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The Albert Pick, Jr. Fund is a private, independent foundation established in 1947.  While grantmaking interests and procedures have been updated over the years to reflect changing times, the Fund’s mission remains faithful to the intent of its founders, Corinne and Albert Pick, Jr.: to provide under-resourced Chicago residents with the tools they need to improve their lives.  Mr. Pick was a business man who, among his other accomplishments, started Pick Hotels Corp., which eventually controlled 15 hotels. He and Mrs. Pick were avid philanthropists, serving on many boards and assisting many organizations


Today, the Fund concentrates on neighborhoods and/or people who are economically or otherwise under-resourced or who face discrimination. Chicago should be a city of hope, safety and opportunities for those who live here. We believe that people should be empowered to identify and define the problems they confront and work towards solutions. Our role is to ensure that community residents have the resources and support they need to undertake this work. Going forward, the Fund’s directors and staff aim to do our part, as a philanthropic institution, to support the growing movement around social justice and racial equity. We are asking ourselves how the Fund can do more to support the objectives of this movement. Therefore, we have begun an exploration process to review our grantmaking, Board and staff attitudes, investments and vendors with the goal of making changes over time that will be more in line with our values.


This is not an easy process with a direct path. As a field, philanthropy is considering how it can play a role in promoting social justice and racial equity. Best practices and strategies are still being developed. At the Pick Fund, we expect to encounter bumps along the way – we may make some mistakes and need to adjust our approach. Through this website, we will keep you advised of what we are doing and how our grantmaking is affected. We appreciate your patience as we work to build a better Albert Pick Jr. Fund for a better Chicago.


If you have applied before, you will note the application form has been revised to ask more specific questions about applicants’ demographics – who is served and who is in leadership roles. This is a first step to understanding who is benefiting from our grants and whether we are really reaching our target populations.


Please contact Alexis Allegra with any questions about grant funding, administration, or reporting.

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Heather D. Parish currently serves as Executive Director of The Albert Pick, Jr. Fund, which supports furthering social justice in Chicago’s under-resourced neighborhoods in the areas of Civic Activism, Culture, Education and Health and Human Services. From January 2013 – February 2022, she worked for the Pierce Family Foundation (PFF), which provides general operating and capacity building support for nonprofits that provide housing and support services for people experiencing homelessness. Heather was named Co-Executive Director of the foundation in January 2019 as part of a strategic partnership PFF entered into with the Cuore e Mani Foundation, and in 2022 she became the sole Executive Director. Prior to her work in the philanthropic sector, Heather led a full-time independent consulting practice for over 17 years, working with nonprofits and foundations engaged in housing, community development and capacity building initiatives. Her prior professional experience also includes work as a Public Finance Associate with Prudential Securities Incorporated, as a Senior Consultant with KPMG Peat Marwick’s Government Services Practice, and as a Fiscal and Policy Analyst for the California Legislative Analyst’s Office. Heather holds a Bachelor of Arts degree in Applied Mathematics from the University of California at Berkeley, and a Master of Public Policy degree from Harvard University’s John F. Kennedy School of Government, where she specialized in Housing, Community Development and Urban Economic Development. Since 2019, she has served as a founding board member for AMPT: Advancing Nonprofits, a trailblazing initiative that provides targeted and effective capacity building support through an anti-racism lens for small nonprofits on Chicago’s south and west sides, with priority given to those that are led by and serving Black and Latinx communities. In 2021-22, Heather served as a co-chair for Chicago Funders Together to End Homelessness, a 30+ member funder collaborative. Heather currently holds memberships in the Association of Black Foundation Executives (ABFE), Chicago African Americans in Philanthropy (CAAIP), Chicago Women in Philanthropy (CWIP), the Harvard Club of Chicago and the California Alumni Association. She also serves on the following: Chicago Foundation for Women’s Advocacy Committee, Chicago Racial Justice Pooled Fund Steering Committee, Metropolitan Planning Council’s Effective Governance Committee and Truth, Racial Healing and Transformation (TRHT) Chicago’s Leadership Advisory Committee. Previously, Heather served as a board member for the Illinois Finance Authority, the Illinois State Board of Investment and the Wieboldt Foundation.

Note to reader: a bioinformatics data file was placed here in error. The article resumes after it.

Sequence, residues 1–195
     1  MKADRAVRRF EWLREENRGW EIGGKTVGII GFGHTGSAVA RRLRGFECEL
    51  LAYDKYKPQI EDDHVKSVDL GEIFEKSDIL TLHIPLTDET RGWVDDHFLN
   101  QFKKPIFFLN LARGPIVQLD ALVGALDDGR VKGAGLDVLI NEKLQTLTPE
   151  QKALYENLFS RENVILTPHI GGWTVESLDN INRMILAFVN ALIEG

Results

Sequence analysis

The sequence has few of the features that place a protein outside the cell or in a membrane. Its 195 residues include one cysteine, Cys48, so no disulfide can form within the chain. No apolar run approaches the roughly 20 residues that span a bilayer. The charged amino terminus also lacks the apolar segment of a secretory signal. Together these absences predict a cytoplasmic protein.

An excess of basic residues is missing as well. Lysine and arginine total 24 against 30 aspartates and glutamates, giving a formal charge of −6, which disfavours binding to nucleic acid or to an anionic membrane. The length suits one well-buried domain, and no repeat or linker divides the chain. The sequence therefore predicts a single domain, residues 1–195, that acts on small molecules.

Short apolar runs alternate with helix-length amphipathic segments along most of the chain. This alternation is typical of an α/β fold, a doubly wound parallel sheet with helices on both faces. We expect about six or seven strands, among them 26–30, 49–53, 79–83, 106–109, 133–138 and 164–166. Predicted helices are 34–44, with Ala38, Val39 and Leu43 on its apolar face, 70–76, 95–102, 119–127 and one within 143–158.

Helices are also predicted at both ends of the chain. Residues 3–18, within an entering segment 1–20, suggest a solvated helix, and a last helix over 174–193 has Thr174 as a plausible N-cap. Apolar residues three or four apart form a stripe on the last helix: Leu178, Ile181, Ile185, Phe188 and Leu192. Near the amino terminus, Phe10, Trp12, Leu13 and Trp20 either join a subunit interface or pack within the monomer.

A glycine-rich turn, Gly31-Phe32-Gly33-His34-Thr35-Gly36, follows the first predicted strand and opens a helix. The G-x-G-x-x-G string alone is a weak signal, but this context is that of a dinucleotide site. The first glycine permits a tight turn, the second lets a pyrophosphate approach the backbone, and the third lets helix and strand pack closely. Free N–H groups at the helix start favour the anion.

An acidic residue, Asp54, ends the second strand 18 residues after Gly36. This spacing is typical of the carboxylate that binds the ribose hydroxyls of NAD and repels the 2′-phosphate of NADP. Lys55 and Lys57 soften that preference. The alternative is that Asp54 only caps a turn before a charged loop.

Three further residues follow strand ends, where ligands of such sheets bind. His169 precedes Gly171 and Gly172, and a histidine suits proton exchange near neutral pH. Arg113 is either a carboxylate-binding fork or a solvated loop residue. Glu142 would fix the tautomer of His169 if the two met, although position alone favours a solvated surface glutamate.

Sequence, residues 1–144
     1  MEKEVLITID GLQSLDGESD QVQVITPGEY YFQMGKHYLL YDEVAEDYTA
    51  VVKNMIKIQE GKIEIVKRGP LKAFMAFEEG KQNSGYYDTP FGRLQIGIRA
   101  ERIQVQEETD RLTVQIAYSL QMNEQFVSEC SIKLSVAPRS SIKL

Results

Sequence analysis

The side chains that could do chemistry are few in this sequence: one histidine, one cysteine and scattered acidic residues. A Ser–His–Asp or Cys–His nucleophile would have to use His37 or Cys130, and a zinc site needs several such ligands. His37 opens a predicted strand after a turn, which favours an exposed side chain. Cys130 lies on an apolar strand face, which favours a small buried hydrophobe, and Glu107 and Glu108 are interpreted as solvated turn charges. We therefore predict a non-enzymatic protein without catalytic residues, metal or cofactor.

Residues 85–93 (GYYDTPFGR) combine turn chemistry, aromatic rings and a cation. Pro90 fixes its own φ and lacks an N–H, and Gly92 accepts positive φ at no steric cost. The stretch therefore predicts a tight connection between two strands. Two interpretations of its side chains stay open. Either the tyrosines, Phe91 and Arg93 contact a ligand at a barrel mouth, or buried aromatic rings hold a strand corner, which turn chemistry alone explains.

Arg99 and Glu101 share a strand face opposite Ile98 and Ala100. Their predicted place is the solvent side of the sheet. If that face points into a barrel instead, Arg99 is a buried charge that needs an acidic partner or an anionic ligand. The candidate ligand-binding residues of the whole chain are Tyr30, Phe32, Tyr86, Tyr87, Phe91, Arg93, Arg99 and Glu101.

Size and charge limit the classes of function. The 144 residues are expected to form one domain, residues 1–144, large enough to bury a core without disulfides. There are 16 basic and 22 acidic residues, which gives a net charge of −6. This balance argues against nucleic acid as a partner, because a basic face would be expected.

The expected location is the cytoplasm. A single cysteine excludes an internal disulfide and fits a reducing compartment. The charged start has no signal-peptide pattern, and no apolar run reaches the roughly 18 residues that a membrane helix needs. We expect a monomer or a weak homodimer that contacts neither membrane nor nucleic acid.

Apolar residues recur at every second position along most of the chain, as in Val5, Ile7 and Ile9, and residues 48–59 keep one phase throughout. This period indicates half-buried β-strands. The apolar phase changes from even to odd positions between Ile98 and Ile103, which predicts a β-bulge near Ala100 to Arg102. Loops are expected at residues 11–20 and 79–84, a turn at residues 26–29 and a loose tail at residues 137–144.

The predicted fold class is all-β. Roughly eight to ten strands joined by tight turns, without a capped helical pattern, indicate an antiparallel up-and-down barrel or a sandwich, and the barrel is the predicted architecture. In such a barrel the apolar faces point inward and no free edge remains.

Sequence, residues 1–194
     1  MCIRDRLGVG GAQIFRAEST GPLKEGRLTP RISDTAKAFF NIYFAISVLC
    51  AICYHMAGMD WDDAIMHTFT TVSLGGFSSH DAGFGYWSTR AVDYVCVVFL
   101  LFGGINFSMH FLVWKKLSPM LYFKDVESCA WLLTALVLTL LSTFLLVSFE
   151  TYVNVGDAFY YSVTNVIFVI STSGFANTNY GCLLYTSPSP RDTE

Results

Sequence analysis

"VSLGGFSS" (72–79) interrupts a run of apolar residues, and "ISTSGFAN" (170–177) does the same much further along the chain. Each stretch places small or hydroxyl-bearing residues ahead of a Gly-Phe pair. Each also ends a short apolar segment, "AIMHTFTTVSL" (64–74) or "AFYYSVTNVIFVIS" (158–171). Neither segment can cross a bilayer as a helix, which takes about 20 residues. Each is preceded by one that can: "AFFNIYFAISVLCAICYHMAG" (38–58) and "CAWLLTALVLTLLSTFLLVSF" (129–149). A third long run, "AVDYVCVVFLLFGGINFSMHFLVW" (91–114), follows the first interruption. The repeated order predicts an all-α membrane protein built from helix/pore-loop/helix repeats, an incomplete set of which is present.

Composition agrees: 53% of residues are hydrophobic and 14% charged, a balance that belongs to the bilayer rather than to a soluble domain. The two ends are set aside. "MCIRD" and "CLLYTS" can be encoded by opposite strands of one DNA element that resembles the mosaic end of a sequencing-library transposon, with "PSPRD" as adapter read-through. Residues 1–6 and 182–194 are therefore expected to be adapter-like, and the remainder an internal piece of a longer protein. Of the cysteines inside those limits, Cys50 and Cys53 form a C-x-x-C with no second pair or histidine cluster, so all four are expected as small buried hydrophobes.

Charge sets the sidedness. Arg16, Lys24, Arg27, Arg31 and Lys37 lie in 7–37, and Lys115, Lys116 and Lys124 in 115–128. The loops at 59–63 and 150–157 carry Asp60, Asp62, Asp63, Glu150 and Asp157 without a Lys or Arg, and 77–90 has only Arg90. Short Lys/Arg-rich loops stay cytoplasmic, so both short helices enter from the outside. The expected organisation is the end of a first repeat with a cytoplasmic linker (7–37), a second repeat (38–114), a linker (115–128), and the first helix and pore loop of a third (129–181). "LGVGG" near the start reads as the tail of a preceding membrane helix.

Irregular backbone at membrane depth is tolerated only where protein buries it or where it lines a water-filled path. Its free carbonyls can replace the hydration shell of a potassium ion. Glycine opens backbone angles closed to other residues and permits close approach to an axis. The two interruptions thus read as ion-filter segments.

Executive Director